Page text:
Tips for Buying a Used Car
In this article we will give you some tips for buying a used car. With this guide we will help you choose the best used car for you and avoid any type of scam.
Buying a used vehicle can be a minefield and nothing is guaranteed to be successful, but there are a few things to keep in mind before deciding to invest your hard-earned money in a used car purchase. It is evident that in different countries there are different rules on how to import, export, or sell, but many of these procedures apply wherever you are.
The depreciation of used cars is much less than that of new cars and therefore they can be a more profitable purchase. Study your finances and verify that everything is in place before choosing your car. This saves time, and allows you to know exactly which vehicles you can aspire to.
Before buying be aware of current vehicle values. Check the car publications and newspapers to find the value of most used vehicles. Consider all the different outlets like new car dealerships, private sales, etc, not just second hand car dealerships.
How much mileage should a car have?
Cars less than three years old and that have traveled 10,000 - 15,000 miles per year are probably the best option. The average annual mileage of a car is around 10,000 miles, so if a 3-year-old car has mileage of between 25,000 and 35,000 miles it would be reasonable. If this level is exceeded, it indicates that the car could have been used for business or had rough handling.
What should I inspect?
Verify that the vehicle's licence plate corresponds to the one stipulated in the registration documents and that it has not been altered or changed. If you find the licence plate “less attractive”, don't worry. After buying you can replace it according to your wishes. You can purchase private plates online under the DVLA register of number plate suppliers. The DVLA also holds number plate auctions around the UK.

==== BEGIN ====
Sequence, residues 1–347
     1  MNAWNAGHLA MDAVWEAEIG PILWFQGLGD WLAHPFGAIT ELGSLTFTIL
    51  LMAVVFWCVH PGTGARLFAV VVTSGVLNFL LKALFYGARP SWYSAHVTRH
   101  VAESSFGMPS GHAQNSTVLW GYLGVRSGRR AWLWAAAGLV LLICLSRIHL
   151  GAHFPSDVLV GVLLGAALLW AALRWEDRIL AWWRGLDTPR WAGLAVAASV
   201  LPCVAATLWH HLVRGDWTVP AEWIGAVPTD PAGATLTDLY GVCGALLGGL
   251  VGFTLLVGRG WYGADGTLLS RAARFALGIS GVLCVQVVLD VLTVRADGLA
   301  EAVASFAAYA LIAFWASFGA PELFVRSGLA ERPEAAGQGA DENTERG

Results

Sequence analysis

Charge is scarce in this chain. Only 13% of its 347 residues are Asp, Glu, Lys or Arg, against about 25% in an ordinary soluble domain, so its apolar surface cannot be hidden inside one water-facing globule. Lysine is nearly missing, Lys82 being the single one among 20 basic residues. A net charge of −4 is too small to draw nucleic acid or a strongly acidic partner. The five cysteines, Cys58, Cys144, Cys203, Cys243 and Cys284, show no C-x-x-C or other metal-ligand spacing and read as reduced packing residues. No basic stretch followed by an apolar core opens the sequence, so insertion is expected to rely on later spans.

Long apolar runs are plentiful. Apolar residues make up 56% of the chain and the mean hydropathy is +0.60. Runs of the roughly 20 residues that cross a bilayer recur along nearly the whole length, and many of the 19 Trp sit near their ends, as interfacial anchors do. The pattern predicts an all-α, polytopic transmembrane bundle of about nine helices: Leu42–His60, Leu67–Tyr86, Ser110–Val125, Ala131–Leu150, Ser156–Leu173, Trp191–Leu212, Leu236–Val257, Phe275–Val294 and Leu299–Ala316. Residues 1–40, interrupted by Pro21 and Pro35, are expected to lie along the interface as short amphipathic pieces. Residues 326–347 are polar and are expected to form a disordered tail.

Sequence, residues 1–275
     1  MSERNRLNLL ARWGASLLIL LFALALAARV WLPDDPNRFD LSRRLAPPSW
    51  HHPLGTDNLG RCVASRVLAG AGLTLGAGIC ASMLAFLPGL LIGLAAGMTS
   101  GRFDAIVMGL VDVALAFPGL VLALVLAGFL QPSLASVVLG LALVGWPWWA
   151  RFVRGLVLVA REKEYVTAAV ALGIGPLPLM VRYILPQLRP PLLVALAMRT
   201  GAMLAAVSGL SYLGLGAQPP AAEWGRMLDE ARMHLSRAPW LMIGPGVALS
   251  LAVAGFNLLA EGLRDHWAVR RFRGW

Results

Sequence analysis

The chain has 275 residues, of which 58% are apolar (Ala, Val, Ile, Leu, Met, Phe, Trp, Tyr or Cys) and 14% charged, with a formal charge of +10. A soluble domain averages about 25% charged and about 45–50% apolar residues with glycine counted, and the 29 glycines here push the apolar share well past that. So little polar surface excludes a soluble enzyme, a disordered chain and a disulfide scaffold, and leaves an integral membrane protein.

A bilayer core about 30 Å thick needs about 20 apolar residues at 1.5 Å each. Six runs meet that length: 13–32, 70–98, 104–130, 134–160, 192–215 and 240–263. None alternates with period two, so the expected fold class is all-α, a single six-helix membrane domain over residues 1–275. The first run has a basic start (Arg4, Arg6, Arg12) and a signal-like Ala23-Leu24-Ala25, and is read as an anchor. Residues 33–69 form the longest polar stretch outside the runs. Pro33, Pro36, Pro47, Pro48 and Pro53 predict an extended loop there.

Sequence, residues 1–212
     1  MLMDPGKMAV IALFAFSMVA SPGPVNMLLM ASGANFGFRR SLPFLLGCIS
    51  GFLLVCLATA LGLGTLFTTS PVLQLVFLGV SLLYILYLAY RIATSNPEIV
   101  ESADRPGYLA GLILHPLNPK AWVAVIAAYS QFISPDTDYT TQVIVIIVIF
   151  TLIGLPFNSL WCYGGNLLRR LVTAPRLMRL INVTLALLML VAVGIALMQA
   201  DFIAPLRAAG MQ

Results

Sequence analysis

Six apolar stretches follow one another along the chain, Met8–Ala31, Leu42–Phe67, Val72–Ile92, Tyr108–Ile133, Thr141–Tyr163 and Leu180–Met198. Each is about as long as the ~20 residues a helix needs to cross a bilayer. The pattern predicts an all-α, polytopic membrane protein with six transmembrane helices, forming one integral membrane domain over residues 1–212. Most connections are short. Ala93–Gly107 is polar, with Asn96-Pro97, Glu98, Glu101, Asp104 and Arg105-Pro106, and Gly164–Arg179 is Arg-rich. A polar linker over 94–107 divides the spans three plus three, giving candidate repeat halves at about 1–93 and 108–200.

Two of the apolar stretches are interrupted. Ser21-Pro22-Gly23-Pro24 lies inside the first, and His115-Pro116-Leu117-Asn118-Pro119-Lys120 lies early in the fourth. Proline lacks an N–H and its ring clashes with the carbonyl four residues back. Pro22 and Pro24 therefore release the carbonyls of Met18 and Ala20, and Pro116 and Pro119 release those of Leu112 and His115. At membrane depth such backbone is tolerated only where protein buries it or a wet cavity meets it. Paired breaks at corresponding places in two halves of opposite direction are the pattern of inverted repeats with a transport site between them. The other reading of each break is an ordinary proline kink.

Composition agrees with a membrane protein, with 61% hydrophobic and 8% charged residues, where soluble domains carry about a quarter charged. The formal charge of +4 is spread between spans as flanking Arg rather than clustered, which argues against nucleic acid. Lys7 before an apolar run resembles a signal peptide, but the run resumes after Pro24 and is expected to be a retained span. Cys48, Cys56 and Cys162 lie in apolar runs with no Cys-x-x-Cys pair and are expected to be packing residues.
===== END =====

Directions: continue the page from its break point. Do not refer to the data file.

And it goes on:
Always inspect the car's bodywork in good light. Look for corrosion as rust is probably the most damaging thing in all cars over five years of age. Surface dents can be relatively harmless and easy to treat, but corrosion from inside the body panels is much more serious. Look for rust on the top and rear of the front wings, along the sills, under the front and rear bumpers, and under the doors.
Sometimes a rust stain on the paint can indicate that underneath it there is more serious corrosion. Press the panel gently with your thumb. If you hear a clicking sound this indicates advanced corrosion.
Walk around the car and look along the doors and wings at each of the four corners. Any crash repairs will be noticeable if they have not been done well. You will see ripples or changes in the texture of the paint if there is a lot of filler under the body. If you're not sure, use a small magnet that will be attracted to the metal but not to the filler. Also look for variations in the colour of the paint. Water spots in the trunk, around the windows, on the carpets, and around the sunroof opening can indicate leaks.
Look for rust holes in the inner wings, bulkhead and any cross members, and visible parts of the chassis and under the hood. If you see any, reject the car. Under the car check the side skirts, the chassis bases, the cross members and subframes. Hit the suspicious areas with a light hammer, or push with your hand to detect any damaged part of the metal.
Finally, if you're buying a car, depending on its value, it may be worth investing in a warranty. Please read the fine print of the warranty carefully as in some cases more is excluded than is covered. There of course could be a valuable number plate on the vehicle, At CarReg we offer free number plate valuations